Absafe | Case Study
Louise Richardson is the CEO of Absafe, an award-winning charity provide safety and education training for children and young people in Aberdeenshire, Offering a wide range of services from fire and road safety, to courses on safely using the internet and mental well being.
Absafe have now completed two projects with the help of Udrafter interns focusing on social media content production and web development. Udrafter Co-founder Daryll, caught up with Louise to talk about her experiences with recruitment, interns and Udrafter
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WHAT WAS THE RECRUITMENT WORKFLOW LIKE AT ABSAFE BEFORE DISCOVERING UDRAFTER?
You need an area of expertise that you don’t have in your existing team. So, it was quickly identified that the current team didn’t have any skills with social media or content creation. I knew about yourself [Udrafter], so that’s why we decided to go with Udrafter, because what we needed was a short-term project that were targeted at developing a website, which actually was nonexistent at the time and then we needed somebody to lead the social media campaign.
The gift was we knew it wasn’t in our current set of skills and we knew somewhere that we could go to get that set of skills in a very easy organised way.
WAS THERE ANY WIDER FRUSTRATIONS YOU HAD, BEFORE YOU ENGAGED WITH AN INTERN ON UDRAFTER?
I think with any recruitment, it can always it can be difficult because you have a very specific project that you have in mind. It can be time limited, particularly with charities with limited funding. So, what you don’t want to do is go through a three-month recruitment process and then only have the project for three months and that may not entice or encourage people to apply for it because it’s a very short-term project. So, the frustration would be that it may take you three months to get somebody into the post, but actually you’re funded only lasts for three months, which can happen quite frequently in charities because of funding limitations. So that can be a massive frustration getting the skill set that you need into the organisation.
HAD YOU WORKED WITH INTERNS BEFORE?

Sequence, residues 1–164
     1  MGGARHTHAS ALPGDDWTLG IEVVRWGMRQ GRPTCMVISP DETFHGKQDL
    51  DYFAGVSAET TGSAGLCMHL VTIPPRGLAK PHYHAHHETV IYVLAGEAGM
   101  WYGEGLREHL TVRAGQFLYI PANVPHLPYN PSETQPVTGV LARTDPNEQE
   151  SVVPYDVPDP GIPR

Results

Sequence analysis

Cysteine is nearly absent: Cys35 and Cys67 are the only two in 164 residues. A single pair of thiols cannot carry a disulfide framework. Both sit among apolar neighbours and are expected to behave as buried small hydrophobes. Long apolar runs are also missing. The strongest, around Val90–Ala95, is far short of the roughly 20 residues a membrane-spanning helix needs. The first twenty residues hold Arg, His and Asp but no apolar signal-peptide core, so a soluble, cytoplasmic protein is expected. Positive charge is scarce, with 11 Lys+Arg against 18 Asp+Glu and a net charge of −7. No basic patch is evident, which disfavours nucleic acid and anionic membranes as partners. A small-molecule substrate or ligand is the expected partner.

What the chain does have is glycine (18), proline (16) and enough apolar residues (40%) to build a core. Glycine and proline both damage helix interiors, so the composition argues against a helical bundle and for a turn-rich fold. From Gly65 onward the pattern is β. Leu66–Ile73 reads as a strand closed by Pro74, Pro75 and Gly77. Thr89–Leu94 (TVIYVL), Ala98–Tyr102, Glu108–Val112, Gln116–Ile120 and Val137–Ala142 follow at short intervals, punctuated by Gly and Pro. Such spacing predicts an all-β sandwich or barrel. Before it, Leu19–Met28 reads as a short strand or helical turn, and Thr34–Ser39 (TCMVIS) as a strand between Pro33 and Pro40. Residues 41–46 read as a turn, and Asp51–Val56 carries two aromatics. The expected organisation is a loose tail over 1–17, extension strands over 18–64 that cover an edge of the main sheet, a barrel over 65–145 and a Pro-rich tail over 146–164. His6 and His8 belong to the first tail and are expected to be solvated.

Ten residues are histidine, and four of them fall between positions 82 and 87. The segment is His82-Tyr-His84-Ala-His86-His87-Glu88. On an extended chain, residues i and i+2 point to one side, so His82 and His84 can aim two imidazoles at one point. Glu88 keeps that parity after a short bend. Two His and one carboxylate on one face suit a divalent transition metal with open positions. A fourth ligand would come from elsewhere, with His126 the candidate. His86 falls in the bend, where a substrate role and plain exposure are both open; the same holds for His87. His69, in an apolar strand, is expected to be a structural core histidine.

I’ve worked with students and interns before in other areas that I’ve worked in and I think what I’m very keen about is young people have a skill set that we sometimes dismiss because we don’t give them opportunities to explore that or develop that in the world of work. So I think that’s why I was really keen to work with Udrafter, because your USP is something that I’m very passionate about in terms of developing the skill set in young people in the local area.
HOW DID YOU NORMALLY GO ABOUT FINDING THOSE INTERNS AND ENGAGING WITH THEM?
I think unfortunately and that’s why I think Udrafter is a really good company, is that the interns usually did it for free and as an employer, you’re grateful for that but as an employee, that’s not a really great place to be. I do think that, if you are going to bring a set of skills that you should be rewarded for that in some way or another. So, I think that was typically how we worked with interns that that wanted to do some work experience, typically they did it for free, which is why you exist, isn’t it? Because what we want to do is say, you know, what you’ve got is valuable, so we’d like to make sure that you’re rewarded for that adequately.
WHAT RESULTS DID YOU ACHIEVE AND HOW HAS THIS IMPROVED YOUR BUSINESS?
I think it’s definitely taken a weight off my shoulders. Initially I worked with Edwina [Udrafter Intern], who developed a website. Our website really hadn’t been touched for a couple of years and it was on an old operating system. She came in, branded it, colour coded it and spent a lot of time on it. We needed to do that because we needed to have a starting point for people to visit if we were going to increase our social media presence. We then worked with Josie [Udrafter Intern] who developed a social media strategy and then looked at all our social platforms and developed all those social sites. From there we have done a bit of analytical work and worked out what works and developed new KPIs that we can move forward with, specific targets for other social system times we post on Instagram because we know that works and then maybe not Facebook and we’ve set up a tiktok account.
Well, when I say me, it was Josie. she drove that forward and it has been a real joy to have her on board.